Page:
When: Thursday 19th May at 14.00
Where: Microsoft Teams - Online
Speaker: Nick Chancellor (Durham)
Hosted by: Andrew James
I will first give a brief review of solving hard optimisation problems through quantum computing in particular in a continuous-time as opposed to gate-model setting and then summarize some of our recent results in that area. I will introduce a key concept, adiabatic quantum computing, which solves problems a by relying on the adiabatic theorem of quantum mechanics to stay in a ground state. While the adiabatic theorem provides a useful theoretical handle to understand quantum computing in continuous time, solving hard problems adiabatically would require an exponentially long runtime and therefore unless P=NP (in non-computer-science terms unless there are no hard optimisation problems) will require either an exponentially long coherence time or a mechanism to restore coherence. On the other hand, algorithms which only succeed with an exponentially small probability may still be useful on more realistic devices, for which coherence time either does not scale, or scales only mildly. We find that even the simplest of these algorithms, a quantum walk which consists of evolution with a fixed Hamiltonian can provide better scaling on artificial spin glass problems than unstructured Grover-like search (a standard approach in quantum computing), this implies that the algorithm is using the structure of the problem. When parameters are swept over time rather than held constant, the scaling becomes dramatically better, and competitive with state-of-the-art quantum algorithms. I will discuss the theoretical reasons why these algorithms perform so well, which relate to the relative energy expectation of different terms of the Hamiltonian and give several examples to demonstrate how the theoretical tools we have developed work, following the results reported in [Callison et. al. PRX Quantum 2, 010338]. I will also touch on the potential relevance of this work to gate-model quantum computing through and algorithm known as the quantum approximate optimisation algorithm.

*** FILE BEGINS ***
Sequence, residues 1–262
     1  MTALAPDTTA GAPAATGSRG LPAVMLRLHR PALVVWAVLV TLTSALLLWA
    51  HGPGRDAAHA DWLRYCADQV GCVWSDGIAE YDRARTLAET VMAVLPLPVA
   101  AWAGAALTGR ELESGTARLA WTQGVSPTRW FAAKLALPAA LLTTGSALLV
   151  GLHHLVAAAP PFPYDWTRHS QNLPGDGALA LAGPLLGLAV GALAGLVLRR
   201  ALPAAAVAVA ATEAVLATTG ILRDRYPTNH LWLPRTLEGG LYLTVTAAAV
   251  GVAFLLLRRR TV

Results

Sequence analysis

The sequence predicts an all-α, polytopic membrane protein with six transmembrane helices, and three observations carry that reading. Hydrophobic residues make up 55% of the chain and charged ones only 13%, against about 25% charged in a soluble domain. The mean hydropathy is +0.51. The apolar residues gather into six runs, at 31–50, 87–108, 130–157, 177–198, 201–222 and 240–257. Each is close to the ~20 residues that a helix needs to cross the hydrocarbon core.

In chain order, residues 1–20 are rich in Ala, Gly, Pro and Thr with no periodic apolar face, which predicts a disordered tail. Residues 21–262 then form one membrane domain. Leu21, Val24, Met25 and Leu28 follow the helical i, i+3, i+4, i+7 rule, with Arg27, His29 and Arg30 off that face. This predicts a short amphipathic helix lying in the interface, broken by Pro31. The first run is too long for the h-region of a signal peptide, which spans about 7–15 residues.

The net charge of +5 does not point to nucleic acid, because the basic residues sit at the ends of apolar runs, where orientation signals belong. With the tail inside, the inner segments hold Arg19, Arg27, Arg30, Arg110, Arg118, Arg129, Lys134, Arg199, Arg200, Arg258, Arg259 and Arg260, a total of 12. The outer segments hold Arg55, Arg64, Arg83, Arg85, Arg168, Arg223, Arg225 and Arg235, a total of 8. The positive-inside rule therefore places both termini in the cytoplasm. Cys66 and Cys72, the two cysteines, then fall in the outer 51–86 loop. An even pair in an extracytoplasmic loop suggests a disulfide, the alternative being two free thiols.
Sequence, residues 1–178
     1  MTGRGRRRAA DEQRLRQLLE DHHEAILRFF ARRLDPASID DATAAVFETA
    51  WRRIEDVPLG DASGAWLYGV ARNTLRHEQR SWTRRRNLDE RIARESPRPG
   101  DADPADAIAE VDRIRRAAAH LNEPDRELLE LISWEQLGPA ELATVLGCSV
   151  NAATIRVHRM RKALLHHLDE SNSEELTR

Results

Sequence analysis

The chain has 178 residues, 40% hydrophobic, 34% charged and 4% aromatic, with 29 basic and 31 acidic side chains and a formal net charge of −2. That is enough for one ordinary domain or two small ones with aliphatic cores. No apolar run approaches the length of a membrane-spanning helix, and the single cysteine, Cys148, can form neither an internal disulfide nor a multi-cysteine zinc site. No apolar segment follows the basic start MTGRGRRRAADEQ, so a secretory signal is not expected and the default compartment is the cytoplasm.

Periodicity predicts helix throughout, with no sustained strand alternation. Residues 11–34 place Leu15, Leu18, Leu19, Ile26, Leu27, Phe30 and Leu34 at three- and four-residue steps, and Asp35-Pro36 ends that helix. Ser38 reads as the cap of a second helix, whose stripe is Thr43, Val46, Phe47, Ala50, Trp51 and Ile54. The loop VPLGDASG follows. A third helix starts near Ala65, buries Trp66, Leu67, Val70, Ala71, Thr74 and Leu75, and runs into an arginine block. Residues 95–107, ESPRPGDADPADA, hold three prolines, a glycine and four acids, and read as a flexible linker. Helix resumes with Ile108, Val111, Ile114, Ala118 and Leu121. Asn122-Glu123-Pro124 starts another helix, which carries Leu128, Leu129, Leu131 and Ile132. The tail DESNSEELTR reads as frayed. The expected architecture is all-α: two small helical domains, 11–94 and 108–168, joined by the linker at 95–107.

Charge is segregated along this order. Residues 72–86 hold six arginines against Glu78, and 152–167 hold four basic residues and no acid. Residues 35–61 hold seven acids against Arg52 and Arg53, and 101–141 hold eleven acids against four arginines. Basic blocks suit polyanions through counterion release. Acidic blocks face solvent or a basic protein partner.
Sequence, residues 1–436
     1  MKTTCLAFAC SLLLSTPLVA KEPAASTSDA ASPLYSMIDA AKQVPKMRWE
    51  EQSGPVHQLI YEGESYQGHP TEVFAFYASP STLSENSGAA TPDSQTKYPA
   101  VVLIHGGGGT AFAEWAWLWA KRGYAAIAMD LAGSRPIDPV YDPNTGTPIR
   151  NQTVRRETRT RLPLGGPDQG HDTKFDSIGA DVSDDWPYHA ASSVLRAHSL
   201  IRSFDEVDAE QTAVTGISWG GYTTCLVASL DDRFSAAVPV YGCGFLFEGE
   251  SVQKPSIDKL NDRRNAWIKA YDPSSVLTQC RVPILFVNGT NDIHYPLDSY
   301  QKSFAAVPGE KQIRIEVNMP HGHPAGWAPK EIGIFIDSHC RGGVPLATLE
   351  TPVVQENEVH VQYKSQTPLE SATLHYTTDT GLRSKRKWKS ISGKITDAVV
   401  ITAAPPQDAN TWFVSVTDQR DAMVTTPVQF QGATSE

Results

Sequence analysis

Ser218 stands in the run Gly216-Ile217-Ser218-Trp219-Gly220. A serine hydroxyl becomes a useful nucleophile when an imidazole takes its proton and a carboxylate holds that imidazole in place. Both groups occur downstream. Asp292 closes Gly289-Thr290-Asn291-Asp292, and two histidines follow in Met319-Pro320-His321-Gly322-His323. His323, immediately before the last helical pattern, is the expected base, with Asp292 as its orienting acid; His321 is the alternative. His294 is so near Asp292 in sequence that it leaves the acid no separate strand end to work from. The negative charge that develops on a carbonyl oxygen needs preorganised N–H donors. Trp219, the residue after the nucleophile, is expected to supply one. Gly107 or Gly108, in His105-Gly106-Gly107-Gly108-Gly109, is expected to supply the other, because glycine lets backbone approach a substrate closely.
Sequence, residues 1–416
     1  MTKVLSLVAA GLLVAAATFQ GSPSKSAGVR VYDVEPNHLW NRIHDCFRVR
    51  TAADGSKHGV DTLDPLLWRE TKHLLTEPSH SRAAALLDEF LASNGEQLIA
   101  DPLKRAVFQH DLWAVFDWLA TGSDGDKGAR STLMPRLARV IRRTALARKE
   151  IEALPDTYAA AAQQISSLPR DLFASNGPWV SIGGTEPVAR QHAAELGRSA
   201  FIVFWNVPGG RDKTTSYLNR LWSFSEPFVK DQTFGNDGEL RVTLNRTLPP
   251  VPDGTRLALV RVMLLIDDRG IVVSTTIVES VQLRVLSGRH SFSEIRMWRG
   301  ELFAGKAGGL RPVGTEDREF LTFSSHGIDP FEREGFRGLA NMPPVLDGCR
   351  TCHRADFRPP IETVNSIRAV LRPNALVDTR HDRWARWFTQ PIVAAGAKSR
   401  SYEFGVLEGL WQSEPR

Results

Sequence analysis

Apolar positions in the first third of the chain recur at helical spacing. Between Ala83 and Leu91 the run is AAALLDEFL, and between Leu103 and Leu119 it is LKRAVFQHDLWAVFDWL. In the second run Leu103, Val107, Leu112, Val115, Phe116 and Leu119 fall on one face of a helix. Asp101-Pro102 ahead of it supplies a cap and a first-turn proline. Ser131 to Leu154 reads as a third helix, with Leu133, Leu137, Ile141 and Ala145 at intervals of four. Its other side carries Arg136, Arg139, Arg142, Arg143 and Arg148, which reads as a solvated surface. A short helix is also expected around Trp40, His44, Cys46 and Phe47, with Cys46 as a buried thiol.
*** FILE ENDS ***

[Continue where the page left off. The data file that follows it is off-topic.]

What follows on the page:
I will be sure to go through the background in a thorough way, in particular the aspects which relate more to computer science than physics.
Thursday, June 23, 2022 - 14:00 to 15:00
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